June 11, 2020 MYR Group’s Subsidiary, Sturgeon Electric, Completes Harry Allen to Eldorado Line
PROJECT LINKS NEVADA’S TRANSMISSION NETWORK TO CALIFORNIA’S ENERGY GRID, CROSSING RUGGED TERRAIN ALONG A CROWDED CORRIDOR WITH SENSITIVITY FOR THE ENVIRONMENT
MYR Group subsidiary Sturgeon Electric completed construction earlier this year of the 60-mile Harry Allen-Eldorado triple-bundle 500kV transmission line, connecting the Eldorado substation in Clark County, Nev. to the Harry Allen substation just north of Las Vegas.
DesertLink, LLC, an LS Power Company, selected Sturgeon Electric to build the line to provide a new link from Nevada’s transmission network to California’s energy grid.
Traversing rugged desert terrain and running along the crowded corridor adjacent to Las Vegas, the Harry Allen to Eldorado line Sturgeon Electric with several challenges. In addition to assembling, erecting, and setting 39 self-supporting lattice towers, 19 self-supporting tubular structures, and 115 lattice guyed vee tangent structures, crews built all roadways, pads, and landings leading to the structures and worksites. Environmental concerns and regulation and a tight labor market added to the complexity.
Sturgeon Electric Construction Manager Alex Phillips lauded the crews for doing an amazing job on a difficult project.
“It’s everything from the 115-degree summer days, the dirt, the dust, the wind, our towers are big – they’re heavy,” Phillips said. “It’s one of the toughest jobs I’ve ever been a part of.”
NAVIGATING THE MARS-LIKE LANDSCAPE
A Mars-like landscape presented a major challenge to Sturgeon Electric crews. In areas of steep terrain, they used helicopters to hang travelers and install spacers and employed implosive splicing, a method of fusing longer sections of conductor together, to reduce the number of access points and heavy equipment needed.
Another top concern for crews: induction, an electric effect that can cause an otherwise de-energized conductor to build a dangerous charge because of its proximity to other live lines. Special precautions and procedures were included in the project’s site-specific safety and grounding plans to protect the team members and establish proper techniques while working in the somewhat unpredictable environment, Phillips said.
PROTECTING THE DESERT’S FLORA & FAUNA
Most of the project alignment took place on public lands managed by the U.S. Department of the Interior’s Bureau of Land Management (BLM) Southern Nevada District Office, and the Bureau of Reclamation (Reclamation) Lower Colorado Region. Home to an array of desert flora and fauna such as desert tortoises, pygmy rabbits, and prickly pear cacti, the habitat required environmental protection to navigate.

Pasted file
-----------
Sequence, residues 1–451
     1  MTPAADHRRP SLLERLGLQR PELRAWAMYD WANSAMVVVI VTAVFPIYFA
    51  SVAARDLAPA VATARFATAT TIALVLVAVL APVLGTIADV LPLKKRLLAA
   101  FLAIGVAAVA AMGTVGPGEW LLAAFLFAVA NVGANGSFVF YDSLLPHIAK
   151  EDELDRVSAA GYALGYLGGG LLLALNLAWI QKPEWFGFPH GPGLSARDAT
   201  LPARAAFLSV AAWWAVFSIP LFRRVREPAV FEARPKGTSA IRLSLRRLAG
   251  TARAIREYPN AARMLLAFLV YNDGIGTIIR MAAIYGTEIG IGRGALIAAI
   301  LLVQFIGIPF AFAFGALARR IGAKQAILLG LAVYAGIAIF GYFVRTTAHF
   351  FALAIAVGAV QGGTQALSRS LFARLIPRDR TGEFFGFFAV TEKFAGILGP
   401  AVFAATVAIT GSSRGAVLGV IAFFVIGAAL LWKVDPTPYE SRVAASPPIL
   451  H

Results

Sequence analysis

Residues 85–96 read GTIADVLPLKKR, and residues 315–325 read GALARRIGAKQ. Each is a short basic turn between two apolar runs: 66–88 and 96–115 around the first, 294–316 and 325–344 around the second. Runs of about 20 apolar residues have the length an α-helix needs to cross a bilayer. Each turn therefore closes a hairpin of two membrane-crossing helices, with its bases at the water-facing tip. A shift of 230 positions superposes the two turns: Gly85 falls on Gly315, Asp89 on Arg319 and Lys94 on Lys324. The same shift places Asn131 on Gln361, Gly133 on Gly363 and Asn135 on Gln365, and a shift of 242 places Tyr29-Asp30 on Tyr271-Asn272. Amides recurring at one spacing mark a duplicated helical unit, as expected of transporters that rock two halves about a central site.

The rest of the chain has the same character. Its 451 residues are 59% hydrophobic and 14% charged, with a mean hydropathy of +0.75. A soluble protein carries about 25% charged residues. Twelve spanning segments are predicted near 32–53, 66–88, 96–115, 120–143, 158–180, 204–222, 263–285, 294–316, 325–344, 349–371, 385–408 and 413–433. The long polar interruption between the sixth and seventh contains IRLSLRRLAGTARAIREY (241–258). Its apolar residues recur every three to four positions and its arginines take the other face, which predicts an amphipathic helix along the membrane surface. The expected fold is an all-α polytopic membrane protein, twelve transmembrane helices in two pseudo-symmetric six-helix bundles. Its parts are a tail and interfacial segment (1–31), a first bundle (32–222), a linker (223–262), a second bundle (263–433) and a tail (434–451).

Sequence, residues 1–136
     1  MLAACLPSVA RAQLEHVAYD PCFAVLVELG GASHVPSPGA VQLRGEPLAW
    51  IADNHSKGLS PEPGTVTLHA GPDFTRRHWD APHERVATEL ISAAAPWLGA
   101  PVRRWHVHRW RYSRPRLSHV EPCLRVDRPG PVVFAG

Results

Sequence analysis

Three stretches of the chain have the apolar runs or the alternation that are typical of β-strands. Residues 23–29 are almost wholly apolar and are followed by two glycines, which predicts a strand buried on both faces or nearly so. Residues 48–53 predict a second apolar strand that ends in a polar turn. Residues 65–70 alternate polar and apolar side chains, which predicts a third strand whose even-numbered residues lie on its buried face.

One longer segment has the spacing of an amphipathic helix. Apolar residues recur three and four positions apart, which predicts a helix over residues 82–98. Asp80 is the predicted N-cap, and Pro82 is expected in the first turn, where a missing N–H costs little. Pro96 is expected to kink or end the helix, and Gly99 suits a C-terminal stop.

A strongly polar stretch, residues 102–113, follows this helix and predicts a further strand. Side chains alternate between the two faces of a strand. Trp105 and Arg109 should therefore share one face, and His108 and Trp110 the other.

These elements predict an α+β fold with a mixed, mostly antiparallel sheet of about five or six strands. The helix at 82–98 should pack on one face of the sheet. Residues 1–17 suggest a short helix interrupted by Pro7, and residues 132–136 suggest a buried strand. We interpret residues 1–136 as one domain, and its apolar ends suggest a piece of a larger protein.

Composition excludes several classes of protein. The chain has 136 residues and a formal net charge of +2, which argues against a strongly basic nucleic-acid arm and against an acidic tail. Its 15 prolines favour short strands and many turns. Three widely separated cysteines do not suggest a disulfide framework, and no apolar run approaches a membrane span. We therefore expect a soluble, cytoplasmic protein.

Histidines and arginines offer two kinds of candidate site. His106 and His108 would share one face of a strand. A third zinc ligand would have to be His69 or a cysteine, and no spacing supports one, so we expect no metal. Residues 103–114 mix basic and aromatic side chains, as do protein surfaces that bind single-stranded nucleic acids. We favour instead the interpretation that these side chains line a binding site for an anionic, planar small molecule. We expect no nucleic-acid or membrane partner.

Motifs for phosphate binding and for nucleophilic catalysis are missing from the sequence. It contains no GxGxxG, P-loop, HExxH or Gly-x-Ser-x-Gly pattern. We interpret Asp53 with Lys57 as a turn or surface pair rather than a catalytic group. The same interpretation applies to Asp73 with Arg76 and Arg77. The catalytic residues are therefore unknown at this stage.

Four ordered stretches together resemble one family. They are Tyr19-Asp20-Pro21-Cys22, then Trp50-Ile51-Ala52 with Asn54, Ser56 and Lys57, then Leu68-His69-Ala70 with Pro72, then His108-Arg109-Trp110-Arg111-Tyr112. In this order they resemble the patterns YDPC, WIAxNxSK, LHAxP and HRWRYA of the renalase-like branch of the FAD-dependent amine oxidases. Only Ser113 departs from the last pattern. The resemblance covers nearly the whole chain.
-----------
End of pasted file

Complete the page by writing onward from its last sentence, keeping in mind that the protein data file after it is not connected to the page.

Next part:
One top priority was protecting tortoises, the state reptile. Sixty on site environmental monitors escorted crews and equipment on and off the right of way and conducted foot patrols around the construction zone. Sturgeon Electric also hired an environmental subcontractor and distributed rewards to any worker who spotted and reported these critters.
“It’s a great incentive program,” K2 Environmental Project Manager Jeff Montgomery said. “Sturgeon Electric has paid out over five thousand dollars on this program, so that means a lot of people are looking, and that was our goal at the start.”
These additional efforts led to 533 recorded observations and the relocation of 73 animals to safe areas.
Sturgeon Electric’s land stewardship also included protecting several plant species. Prickly pear cacti and other desert flora were relocated to nurseries for safekeeping until they were replanted during the project’s restoration phase.
Sturgeon Electric worked with the BLM, Bureau of Reclamation, and DesertLink to protect and restore the project area to its natural state. Open lines of communication played an important role throughout this project, Sturgeon Electric Regional Vice President Mindie McIff said.
“Because of our successful history and relationship with LS Power, we were able to use an open-book process to be very visible with our costs, expenses and man hours on the job,” McIff said.
HARNESSING A NEW CONSTRUCTION FORCE
In recent years, the push to upgrade California’s electrical infrastructure has reduced the pool of experienced line workers available for work in other states. As a result, Sturgeon Electric employed a higher number of apprentices on the project and worked diligently to train and bring them up to speed on all tasks and considerations.
“It’s a difficult, complex project, and I’m really impressed with how our supervision and management were able to bring these new people together and get this project done successfully with limited safety issues,” McIff said. The Harry Allen-Eldorado project finished in March 2020 and is an excellent example of Sturgeon Electric’s capabilities.
Project Details: Harry Allen to El Dorado 500kV Transmission Line